A Legal Education Renaissance: A Practical Approach for the Twenty-First Century
John O. Sonsteng
Mitchell Hamline School of Law
April 2, 2008
William Mitchell Law Review, Vol. 34, No. 1, 2007
William Mitchell Legal Studies Research Paper No. 89 (revised April 2, 2008)
This article presents the history of legal education, criticisms, research, learning theory and innovative educational models in one place. They are interrelated and provide the basis for realistic solutions to the problems facing legal education, a legal education renaissance.
PART I - THE HISTORY AND STATUS OF LEGAL EDUCATION
Chapter 1 - Thinking Outside the Box and Richard Fosbury
Addresses the short-comings of legal education and the reasons why change is necessary. Law schools have the responsibility to teach and train students to become competent lawyers.
Chapter 2 - A Brief History of Legal Education in the United States
Provides facts that demonstrate legal education in its present day form is obsolete.
Chapter 3 - Roadblocks to Innovation
Provides an analysis of the roadblocks that stifle progress and prevent innovation in legal education.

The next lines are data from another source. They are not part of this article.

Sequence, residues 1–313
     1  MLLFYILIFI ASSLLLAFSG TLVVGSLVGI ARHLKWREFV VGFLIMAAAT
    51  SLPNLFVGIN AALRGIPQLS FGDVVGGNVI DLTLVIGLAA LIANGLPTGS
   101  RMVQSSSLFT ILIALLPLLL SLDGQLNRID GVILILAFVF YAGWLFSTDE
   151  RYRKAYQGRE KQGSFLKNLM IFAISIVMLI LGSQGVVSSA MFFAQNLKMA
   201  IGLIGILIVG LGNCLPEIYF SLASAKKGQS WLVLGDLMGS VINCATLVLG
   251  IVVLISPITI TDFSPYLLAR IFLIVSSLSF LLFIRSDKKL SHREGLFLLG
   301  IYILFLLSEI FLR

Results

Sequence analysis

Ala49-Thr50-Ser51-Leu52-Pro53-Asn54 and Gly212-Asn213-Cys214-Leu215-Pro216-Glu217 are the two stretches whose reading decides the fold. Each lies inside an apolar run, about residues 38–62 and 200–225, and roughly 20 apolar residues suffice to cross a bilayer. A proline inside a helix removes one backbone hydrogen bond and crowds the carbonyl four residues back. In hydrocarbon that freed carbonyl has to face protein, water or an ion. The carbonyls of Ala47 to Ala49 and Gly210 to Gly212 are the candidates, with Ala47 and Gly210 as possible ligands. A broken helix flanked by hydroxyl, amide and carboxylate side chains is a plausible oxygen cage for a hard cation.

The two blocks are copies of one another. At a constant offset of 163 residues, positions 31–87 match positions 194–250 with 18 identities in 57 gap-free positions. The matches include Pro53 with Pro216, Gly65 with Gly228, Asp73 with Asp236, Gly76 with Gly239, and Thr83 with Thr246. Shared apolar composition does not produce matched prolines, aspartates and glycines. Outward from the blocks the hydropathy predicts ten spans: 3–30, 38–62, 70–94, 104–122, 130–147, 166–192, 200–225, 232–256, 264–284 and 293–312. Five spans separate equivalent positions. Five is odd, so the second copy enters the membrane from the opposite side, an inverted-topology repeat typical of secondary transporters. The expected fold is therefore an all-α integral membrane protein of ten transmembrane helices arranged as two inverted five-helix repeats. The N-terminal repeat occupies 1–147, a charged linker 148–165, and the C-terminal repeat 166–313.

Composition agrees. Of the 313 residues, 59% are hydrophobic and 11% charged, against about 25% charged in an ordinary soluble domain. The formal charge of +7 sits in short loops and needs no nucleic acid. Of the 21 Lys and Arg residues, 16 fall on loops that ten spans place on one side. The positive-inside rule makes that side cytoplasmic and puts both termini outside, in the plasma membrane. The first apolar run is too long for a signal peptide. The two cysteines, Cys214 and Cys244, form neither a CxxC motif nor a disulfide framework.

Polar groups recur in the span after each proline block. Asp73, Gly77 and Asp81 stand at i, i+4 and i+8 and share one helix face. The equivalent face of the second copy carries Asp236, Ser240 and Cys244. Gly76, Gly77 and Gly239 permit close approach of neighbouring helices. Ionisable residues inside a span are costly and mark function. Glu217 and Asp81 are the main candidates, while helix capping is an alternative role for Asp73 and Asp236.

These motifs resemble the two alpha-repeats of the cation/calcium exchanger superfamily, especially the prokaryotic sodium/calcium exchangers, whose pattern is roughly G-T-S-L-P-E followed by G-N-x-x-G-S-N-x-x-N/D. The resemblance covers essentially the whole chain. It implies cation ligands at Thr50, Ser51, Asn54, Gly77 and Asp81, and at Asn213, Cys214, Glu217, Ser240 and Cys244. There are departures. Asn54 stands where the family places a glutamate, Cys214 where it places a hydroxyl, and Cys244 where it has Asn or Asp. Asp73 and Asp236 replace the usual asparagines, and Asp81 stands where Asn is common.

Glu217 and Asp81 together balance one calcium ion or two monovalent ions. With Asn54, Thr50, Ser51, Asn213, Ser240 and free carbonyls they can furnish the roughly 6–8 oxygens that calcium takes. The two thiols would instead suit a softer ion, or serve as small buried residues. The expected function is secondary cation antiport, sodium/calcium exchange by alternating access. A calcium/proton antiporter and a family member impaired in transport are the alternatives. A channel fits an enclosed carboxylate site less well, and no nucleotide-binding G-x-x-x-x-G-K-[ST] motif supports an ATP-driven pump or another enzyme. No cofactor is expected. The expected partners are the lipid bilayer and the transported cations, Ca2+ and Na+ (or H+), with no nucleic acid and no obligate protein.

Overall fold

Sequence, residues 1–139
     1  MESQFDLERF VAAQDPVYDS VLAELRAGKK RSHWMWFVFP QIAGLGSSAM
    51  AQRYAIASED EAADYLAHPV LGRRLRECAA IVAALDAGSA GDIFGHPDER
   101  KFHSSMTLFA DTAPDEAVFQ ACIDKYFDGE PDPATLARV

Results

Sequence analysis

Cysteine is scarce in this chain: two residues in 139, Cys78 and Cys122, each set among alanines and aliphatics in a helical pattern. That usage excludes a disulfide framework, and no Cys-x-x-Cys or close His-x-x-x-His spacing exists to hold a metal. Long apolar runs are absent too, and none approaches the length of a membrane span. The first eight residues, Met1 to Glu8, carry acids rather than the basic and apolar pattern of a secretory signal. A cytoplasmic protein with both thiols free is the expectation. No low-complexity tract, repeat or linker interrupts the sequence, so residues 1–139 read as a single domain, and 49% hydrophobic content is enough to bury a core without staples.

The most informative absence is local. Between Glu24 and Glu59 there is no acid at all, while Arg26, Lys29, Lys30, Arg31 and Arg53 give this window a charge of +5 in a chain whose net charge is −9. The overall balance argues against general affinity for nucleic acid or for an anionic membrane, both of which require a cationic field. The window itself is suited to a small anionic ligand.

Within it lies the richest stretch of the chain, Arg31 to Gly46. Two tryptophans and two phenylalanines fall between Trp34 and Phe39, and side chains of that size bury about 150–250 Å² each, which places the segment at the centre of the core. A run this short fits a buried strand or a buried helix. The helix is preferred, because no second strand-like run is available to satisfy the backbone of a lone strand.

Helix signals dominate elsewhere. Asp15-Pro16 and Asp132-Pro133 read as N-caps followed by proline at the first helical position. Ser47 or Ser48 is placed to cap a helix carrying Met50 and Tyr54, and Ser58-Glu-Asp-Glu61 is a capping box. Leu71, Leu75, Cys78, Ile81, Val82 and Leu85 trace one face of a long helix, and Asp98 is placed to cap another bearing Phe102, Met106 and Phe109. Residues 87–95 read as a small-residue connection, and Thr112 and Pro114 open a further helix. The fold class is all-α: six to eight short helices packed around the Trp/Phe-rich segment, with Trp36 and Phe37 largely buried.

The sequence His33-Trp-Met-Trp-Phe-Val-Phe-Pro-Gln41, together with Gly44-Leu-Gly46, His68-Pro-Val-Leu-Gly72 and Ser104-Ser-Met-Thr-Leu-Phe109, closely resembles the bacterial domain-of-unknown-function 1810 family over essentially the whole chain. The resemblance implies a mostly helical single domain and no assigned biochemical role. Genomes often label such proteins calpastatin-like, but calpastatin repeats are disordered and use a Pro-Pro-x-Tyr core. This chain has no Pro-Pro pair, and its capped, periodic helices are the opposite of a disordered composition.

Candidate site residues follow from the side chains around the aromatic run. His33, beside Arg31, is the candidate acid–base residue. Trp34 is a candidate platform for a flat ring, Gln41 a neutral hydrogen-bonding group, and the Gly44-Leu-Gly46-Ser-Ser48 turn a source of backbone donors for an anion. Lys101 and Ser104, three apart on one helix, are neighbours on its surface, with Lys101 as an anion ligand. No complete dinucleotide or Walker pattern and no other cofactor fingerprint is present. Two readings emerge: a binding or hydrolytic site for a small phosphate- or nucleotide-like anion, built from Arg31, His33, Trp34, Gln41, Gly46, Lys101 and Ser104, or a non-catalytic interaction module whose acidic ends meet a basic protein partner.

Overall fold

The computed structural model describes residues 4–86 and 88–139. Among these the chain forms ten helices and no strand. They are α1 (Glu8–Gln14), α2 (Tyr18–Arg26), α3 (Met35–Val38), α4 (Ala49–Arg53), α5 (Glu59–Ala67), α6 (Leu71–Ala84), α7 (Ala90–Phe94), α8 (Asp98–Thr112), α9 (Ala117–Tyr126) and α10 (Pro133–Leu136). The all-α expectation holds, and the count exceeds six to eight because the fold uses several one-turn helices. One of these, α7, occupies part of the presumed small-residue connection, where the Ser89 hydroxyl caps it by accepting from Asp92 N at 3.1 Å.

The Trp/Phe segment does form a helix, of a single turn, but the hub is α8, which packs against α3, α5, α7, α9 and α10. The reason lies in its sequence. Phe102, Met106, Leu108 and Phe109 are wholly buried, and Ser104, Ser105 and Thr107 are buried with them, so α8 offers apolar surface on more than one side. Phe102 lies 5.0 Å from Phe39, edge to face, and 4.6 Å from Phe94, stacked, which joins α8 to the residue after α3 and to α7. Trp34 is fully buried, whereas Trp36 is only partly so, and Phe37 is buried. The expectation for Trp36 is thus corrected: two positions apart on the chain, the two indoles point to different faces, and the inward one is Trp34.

Chapter 4 - Research and Recommendations
Provides a comprehensive guide to the research on legal education: The Reed Report, the Cramton Report, the MacCrate Report, the Zemans and Rosenblum Survey, the Garth and Martin Survey, the Minnesota Survey, the Binder and Bergman Survey, the Sheldon and Krieger Research, and the 2007 Report of the Carnegie Foundation for the Advancement of Teaching.
Chapter 5 - Learning Theory, Instruction, Curriculum Design, and Assessment
Provides an analysis of various learning theories and why a single approach to legal education fails to address the differences in how people learn.
Chapter 6 - What Others are Doing
Examines innovative teaching methods from all areas and levels of education which add to the traditional lecture-based education.
PART II - A LEGAL EDUCATION RENAISSANCE
Chapter 7 - A Leal Education Renaissance
Demonstrates how a Legal Education Renaissance can be achieved. The perspectives and recommendations in this work are presented with the intent of encouraging discussion about the future of modern legal education. It suggests a model for change, incorporates modern learning theory and teaching tools and provides answers to criticism by addressing curriculum, teaching, faculty, and costs. By offering a realistic, achievable solution that fits within the guidelines and rules that govern legal education institutions, it is not only possible, but essential to create a Legal Education Renaissance.
Number of Pages in PDF File: 119
Keywords: Legal education reform, Legal education innovation, Legal education challenges-solutions, Capstone, Keystone, Educating lawyers
Date posted: January 16, 2008 ; Last revised: December 9, 2012